One amazing trip to Greece was all it took for Diana Madaras to realize her true calling. Picking up the paintbrush and walking away from her professional career, Madaras opened a gallery and began painting her own masterpieces.
Madaras Gallery has been a staple in the Tucson community for now 20 years, growing on a tradition of both artwork and philanthropy.
Madaras once worked as a sports marketer, although she always felt art was a passion. She painted at night or during her free time, but decided not to pursue the craft until a life-changing trip to Greece with a professor from the University of Arizona. While there, she knew that her true calling was to create art.
Returning to the U.S., Madaras arrived back in Tucson and opened up her own art gallery in 1999. It’s been a life of painting and running the gallery ever since.
“It was euphoric for me,” Madaras said. “It definitely is where I am supposed to be and what I’m supposed to be doing on this planet.”
Madaras is known for very colorful pieces; the flora and fauna of the desert inspire most of her artwork. Painting in watercolor and acrylic, her pieces are bold and dramatic in both color and detail.
“I still get as excited at a blank canvas as I did 20 years ago,” Madaras said.
Her work has been featured in the Tucson Museum of Art, and she’s won numerous awards for her work. Madaras has won “Best Visual Artist” multiple, consecutive times in the Tucson Weekly’s “Best of Tucson.”
One of her most memorable art moments came when an offer came from Destination Southern Africa. The travel agency even offered to fly Madaras to Africa for a charity art event.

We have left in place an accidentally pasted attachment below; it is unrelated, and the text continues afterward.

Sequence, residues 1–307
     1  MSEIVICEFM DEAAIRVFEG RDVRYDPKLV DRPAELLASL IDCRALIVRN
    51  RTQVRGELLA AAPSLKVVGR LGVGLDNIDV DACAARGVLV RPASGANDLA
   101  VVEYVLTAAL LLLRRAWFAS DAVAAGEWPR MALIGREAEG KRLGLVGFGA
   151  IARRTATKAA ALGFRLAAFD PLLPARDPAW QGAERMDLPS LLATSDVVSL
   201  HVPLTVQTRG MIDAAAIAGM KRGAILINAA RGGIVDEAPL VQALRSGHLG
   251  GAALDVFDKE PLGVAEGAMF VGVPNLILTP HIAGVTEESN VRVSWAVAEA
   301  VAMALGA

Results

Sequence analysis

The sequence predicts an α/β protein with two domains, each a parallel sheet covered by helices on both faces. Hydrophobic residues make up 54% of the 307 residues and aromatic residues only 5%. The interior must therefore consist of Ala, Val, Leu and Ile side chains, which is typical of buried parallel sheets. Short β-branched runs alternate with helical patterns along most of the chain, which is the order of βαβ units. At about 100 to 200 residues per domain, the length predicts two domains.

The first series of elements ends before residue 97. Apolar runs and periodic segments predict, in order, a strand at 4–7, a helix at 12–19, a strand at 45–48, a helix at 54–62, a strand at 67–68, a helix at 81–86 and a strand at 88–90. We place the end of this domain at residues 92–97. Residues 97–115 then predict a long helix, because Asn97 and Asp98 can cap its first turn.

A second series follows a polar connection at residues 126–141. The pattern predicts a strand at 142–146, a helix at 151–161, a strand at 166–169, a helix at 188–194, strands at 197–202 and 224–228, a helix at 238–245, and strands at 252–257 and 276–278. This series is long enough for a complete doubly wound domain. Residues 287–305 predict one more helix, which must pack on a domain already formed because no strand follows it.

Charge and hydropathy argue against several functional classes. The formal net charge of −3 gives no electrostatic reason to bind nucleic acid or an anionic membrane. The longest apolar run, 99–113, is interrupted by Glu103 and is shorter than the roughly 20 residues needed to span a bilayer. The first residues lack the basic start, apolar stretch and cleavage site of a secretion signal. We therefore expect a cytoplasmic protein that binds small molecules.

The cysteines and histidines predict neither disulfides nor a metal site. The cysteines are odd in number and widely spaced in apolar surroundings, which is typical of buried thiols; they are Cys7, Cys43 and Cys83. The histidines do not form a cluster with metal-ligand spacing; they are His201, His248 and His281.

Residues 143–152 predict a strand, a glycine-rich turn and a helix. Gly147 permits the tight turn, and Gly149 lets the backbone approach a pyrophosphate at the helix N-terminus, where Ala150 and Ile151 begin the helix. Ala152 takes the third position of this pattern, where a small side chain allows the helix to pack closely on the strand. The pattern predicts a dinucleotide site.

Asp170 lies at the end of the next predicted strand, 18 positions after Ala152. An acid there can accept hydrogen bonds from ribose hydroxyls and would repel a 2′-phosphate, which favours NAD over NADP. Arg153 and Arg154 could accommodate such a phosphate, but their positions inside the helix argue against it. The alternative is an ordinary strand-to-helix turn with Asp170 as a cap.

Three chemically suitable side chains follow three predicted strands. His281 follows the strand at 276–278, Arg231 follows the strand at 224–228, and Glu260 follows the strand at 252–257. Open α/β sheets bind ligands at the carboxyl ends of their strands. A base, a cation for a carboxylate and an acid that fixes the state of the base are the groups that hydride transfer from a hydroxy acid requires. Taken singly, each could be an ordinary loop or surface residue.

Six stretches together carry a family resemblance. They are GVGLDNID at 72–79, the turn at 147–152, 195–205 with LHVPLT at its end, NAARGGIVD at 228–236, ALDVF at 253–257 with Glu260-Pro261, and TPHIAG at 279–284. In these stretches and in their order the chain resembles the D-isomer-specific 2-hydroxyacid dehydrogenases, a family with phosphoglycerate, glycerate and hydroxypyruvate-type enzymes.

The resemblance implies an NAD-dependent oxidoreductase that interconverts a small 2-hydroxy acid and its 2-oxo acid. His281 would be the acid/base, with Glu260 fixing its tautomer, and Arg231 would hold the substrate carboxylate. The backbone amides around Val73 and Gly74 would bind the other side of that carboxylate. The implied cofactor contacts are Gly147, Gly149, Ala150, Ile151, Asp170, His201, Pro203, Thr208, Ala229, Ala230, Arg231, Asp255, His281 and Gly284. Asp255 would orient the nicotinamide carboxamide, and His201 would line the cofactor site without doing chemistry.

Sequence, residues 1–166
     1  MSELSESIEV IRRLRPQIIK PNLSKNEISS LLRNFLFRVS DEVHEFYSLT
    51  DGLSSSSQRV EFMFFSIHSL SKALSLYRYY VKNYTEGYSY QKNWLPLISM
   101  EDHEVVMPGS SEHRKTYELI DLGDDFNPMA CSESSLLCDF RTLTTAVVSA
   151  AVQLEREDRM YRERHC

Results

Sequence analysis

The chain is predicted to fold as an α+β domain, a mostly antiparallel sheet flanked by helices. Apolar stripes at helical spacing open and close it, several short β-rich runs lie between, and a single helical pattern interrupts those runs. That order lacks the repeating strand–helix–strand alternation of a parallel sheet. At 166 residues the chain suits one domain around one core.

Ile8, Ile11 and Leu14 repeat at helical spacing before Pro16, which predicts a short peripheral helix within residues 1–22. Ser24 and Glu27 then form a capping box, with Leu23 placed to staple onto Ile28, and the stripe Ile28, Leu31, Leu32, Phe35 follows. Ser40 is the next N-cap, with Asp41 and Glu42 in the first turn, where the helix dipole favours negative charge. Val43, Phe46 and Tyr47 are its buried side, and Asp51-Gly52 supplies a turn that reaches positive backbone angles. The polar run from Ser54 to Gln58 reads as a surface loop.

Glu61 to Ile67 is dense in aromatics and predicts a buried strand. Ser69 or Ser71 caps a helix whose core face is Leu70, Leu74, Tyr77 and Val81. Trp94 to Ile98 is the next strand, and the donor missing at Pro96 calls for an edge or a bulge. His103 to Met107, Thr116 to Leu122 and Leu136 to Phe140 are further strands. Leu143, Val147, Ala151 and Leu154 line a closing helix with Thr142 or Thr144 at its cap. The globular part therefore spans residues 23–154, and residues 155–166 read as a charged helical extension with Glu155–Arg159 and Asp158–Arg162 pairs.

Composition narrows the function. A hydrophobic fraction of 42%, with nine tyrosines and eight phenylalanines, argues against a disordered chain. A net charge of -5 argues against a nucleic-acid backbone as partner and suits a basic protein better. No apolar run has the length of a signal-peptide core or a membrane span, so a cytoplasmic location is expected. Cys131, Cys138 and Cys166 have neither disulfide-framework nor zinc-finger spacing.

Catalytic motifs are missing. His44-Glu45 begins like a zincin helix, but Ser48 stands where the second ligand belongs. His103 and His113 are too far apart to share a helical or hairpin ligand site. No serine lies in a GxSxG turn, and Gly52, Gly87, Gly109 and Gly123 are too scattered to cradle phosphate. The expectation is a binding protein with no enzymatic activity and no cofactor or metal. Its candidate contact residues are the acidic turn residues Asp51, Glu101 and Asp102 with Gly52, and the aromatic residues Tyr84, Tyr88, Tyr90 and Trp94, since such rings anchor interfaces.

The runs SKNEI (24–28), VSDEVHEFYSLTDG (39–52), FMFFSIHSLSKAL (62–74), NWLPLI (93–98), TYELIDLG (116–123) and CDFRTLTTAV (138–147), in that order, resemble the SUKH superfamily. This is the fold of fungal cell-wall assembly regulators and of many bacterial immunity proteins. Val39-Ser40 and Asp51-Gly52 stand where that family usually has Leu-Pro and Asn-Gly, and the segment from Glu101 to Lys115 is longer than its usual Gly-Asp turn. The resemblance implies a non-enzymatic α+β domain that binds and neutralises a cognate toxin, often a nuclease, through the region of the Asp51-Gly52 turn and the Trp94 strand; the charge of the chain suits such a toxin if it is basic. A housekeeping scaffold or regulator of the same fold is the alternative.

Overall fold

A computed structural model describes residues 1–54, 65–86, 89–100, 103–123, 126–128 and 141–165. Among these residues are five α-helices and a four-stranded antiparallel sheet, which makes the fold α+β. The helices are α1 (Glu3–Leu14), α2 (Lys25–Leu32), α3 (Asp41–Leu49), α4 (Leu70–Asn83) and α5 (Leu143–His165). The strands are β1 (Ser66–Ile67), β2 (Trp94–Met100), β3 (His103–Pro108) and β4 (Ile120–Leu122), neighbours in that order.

Beyond art, Madaras also includes philanthropy in her business. She said her charitable contributions have reached nearly $500,000 worth of art over the last 20 years. Her work has been auctioned to the benefit of organizations like the Boys & Girls Clubs of America, American Cancer Society, Arthritis Foundation and several animal causes.
Madaras also founded her own charity, “Art for Animals,” which funds aid for homeless, abused and injured animals. She raises money through various events at the gallery and through art sales. Money raised from this foundation is then donated to 12 animal causes in Southern Arizona.
A year-long celebration will take place at the gallery to celebrate its 20th anniversary. The festivities will showcase the work of Madaras as she continues to produce 20 original paintings called The Spirit Animals.
The Spirit Animals all share five things in common: They are all done on yupo paper; they each have a moon and star; are painted with a black background; are named after songs; and each has a tattoo. Madaras has finished a dozen Spirit Animal pieces done so far, and five new paintings will be presented at the March show.
Another collaboration for the 20th anniversary is a video project done by Madaras and local songwriter Amber Norgaard. Madaras paintings were chosen to illustrate Norgaard’s songs.
“[Art] is how I communicate with the world, it’s how I interpret the world,” Madaras said. “There’s a deep drive in me to create and to interpret what I see and feel, and I can do that through my art.”
A long-time art collector and now close friend of Madaras, Bonnie Allinder, has been coming back to Madaras Gallery for 15 years. First coming across Madaras’ art at the Tucson Airport, Allinder was drawn to the bold and colorful style of Madaras’ work.
“I realized one day when I was at the Desert Museum that she was sitting across from me with her mother,” Allinder said. “I just decided to reach out to her and just have a short chat and felt a connection with her and today we are very good friends.”
Madaras Gallery is a favorite of the community because of the warmth and generosity Madaras has, according to Allinder.
“She makes the gallery a place for friends to come.” Allinder said. “A guest can turn onto a friend very easily.”
Madaras Gallery (3035 N. Swan Road) will be celebrating its 20th anniversary throughout the year. A show premiering her collection of paintings Spirit Animals will be help on Sunday, March 10 from 11 a.m. to 2 p.m. RVSPs are requested.
Briannon Wilfong is a University of Arizona journalism student and Tucson Local Media intern.